So, if you are a believer in God, however you conceive of him, a non-theist might really test your tolerance by saying: ‘I am convinced that God does not exist, and that belief in God can in itself explain why there is more active intolerance in the theistic religions than outside them.’

Conclusion

I was thinking some more about the story of the Zen Abbot and the general. It is an impressive story, and he must have been a very impressive man. But I am not sure he was setting a very good example. In fact, I am sure he had no intention of setting an example, he was just being himself. If I had been there, I am certain I would have scampered off into the mountains with the other monks.

When I have told such stories before, some people usually respond by saying: ‘If everyone acted like that, society would fall apart!’ or ‘Someone has got to resist the tyranny and oppression of the strong over the weak’, or they think he was just lucky.

I sympathise with these responses, but I think they miss the point. The Abbot was not writing a list of recommended behaviours to suit all situations. He was just being himself, and each of us is different. For a start, we have probably not developed anything like his imperturbable kshanti, and that is not something you can pretend about.

Another Japanese master was lucky enough to die in his bed. As he lay dying, his devoted disciples gathered round, and asked him for his last words of wisdom. He just croaked: ‘I don’t want to die!’ ‘But master’, they said, ‘we want some final advice that posterity will remember you for’. ‘No really,’ he said ‘I don’t want to die.’ So I am sort of heartened by that. Maybe we can develop tolerance, tolerance for each of our fellow human beings, not imposing our expectations on them. But maybe we can keep one or two aspects of this world untolerated, as that last Zen master did with the expectations of his own pupils; maybe we can even refuse to tolerate the finality of death, and discover for ourselves what  it is all really about.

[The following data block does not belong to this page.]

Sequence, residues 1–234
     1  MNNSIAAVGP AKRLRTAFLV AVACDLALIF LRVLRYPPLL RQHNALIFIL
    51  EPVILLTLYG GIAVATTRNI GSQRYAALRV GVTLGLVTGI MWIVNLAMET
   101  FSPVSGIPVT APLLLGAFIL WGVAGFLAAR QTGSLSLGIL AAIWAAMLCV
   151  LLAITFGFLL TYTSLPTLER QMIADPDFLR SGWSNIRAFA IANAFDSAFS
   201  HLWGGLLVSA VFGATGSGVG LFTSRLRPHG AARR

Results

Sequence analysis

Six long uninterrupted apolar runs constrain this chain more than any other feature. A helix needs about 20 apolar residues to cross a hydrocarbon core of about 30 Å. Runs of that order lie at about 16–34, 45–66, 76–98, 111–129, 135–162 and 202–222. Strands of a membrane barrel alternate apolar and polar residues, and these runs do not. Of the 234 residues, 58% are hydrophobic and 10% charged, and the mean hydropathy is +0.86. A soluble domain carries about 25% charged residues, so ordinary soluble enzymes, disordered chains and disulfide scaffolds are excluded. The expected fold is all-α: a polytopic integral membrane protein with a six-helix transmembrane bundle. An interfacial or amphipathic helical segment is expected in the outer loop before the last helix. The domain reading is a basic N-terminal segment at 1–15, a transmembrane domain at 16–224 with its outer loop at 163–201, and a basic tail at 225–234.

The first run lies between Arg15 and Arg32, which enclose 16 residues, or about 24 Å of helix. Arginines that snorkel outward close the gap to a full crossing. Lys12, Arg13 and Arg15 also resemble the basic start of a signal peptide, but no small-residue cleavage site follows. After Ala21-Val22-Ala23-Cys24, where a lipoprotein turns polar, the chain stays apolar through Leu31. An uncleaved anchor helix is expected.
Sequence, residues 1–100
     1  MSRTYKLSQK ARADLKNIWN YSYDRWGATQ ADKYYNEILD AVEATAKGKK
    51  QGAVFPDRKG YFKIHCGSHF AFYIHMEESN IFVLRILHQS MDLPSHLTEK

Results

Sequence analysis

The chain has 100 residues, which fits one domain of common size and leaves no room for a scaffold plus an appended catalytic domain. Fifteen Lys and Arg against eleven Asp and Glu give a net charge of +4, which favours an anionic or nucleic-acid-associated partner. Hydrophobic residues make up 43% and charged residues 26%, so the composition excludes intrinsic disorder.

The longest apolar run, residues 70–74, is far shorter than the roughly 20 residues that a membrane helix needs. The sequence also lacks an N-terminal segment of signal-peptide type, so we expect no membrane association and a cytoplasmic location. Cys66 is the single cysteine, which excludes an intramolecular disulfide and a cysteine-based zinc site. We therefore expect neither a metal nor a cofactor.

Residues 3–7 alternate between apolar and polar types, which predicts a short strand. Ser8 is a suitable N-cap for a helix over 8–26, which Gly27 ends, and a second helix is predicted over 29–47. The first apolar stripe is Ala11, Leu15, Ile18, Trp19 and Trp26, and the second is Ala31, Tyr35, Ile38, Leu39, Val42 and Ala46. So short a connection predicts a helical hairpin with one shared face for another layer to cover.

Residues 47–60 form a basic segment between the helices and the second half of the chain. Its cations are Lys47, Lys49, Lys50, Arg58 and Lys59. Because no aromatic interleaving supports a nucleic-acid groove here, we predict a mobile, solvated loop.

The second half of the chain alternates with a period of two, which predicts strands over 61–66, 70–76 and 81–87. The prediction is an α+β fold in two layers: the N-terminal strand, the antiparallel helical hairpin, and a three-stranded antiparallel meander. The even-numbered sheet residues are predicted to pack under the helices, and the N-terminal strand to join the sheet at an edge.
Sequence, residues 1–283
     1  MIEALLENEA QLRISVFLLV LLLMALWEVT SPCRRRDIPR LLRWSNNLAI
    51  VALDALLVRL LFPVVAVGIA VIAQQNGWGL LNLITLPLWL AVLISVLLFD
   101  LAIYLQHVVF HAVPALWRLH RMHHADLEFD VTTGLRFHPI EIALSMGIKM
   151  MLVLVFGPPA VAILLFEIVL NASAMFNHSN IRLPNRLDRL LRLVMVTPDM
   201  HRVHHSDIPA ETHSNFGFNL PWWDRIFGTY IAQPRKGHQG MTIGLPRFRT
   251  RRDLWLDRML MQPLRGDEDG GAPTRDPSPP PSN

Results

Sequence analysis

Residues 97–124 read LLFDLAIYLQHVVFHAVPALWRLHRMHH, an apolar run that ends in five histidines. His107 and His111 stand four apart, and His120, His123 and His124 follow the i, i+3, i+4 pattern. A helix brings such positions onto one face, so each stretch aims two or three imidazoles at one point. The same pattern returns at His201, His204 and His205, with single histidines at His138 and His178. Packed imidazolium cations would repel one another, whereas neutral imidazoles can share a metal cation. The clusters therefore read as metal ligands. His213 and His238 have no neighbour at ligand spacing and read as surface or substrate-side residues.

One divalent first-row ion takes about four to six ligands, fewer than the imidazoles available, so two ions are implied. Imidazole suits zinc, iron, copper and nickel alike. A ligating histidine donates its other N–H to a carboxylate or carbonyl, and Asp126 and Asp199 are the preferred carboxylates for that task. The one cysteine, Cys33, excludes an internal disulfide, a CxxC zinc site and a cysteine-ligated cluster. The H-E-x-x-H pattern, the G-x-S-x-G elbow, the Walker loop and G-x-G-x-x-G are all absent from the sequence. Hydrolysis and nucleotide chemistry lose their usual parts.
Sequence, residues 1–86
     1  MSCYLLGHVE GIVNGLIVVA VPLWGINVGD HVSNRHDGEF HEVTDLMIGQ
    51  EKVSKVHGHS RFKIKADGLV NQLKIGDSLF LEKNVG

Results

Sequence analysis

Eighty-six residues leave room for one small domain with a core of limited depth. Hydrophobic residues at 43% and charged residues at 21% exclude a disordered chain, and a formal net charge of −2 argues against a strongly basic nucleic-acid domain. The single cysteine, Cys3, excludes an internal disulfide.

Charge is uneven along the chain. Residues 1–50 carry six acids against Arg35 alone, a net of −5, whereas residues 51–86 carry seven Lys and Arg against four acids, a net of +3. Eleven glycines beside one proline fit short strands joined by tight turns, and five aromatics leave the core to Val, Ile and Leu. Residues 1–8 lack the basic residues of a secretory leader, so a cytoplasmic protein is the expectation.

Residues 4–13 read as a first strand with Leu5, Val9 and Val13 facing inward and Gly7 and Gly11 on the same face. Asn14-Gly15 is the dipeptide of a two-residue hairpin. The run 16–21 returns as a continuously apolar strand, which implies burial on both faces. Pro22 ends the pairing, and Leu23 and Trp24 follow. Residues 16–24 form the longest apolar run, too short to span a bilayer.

Based on lecture to a United Nations Association interfaith meeting in 1995

[i] William Blake, Jerusalem, 49: 72-5. His capitals.

[ii] Chogyam Trungpa, Cutting Through Spiritual Materialism, 174.

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Is Ken Wilber mistaken? Sex, Ecology, Spirituality

ken wilber

Ken Wilber

This is a rather critical book review I wrote for the Buddhist magazine Golden Drum in the 90s. Fans of Wilber, please forgive me!

Review of SEX, ECOLOGY, SPIRITUALITY. THE SPIRIT OF EVOLUTION.

Sex, Ecology, Spirituality. The Spirit of Evolution, by Ken Wilber, published by Shambhala (Boston and London, 1995).

‘I must create my own system or be enslaved by another man’s,’ wrote William Blake. Ken Wilber has created a grand system of evolutionary connections. Here is yet another book, his fattest yet, expounding it.